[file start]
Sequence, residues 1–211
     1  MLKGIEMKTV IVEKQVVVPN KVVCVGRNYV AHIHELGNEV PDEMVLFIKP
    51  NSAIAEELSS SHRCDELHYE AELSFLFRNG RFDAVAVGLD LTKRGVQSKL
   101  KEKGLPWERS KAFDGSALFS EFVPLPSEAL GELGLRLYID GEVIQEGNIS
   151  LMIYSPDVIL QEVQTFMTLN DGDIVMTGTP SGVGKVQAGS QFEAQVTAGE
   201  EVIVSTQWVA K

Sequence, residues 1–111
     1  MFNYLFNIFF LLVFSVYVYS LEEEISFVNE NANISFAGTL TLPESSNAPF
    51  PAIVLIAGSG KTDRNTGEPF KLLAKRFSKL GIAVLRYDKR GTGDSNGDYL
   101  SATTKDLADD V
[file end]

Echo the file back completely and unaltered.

Sequence, residues 1–211
     1  MLKGIEMKTV IVEKQVVVPN KVVCVGRNYV AHIHELGNEV PDEMVLFIKP
    51  NSAIAEELSS SHRCDELHYE AELSFLFRNG RFDAVAVGLD LTKRGVQSKL
   101  KEKGLPWERS KAFDGSALFS EFVPLPSEAL GELGLRLYID GEVIQEGNIS
   151  LMIYSPDVIL QEVQTFMTLN DGDIVMTGTP SGVGKVQAGS QFEAQVTAGE
   201  EVIVSTQWVA K

Sequence, residues 1–111
     1  MFNYLFNIFF LLVFSVYVYS LEEEISFVNE NANISFAGTL TLPESSNAPF
    51  PAIVLIAGSG KTDRNTGEPF KLLAKRFSKL GIAVLRYDKR GTGDSNGDYL
   101  SATTKDLADD V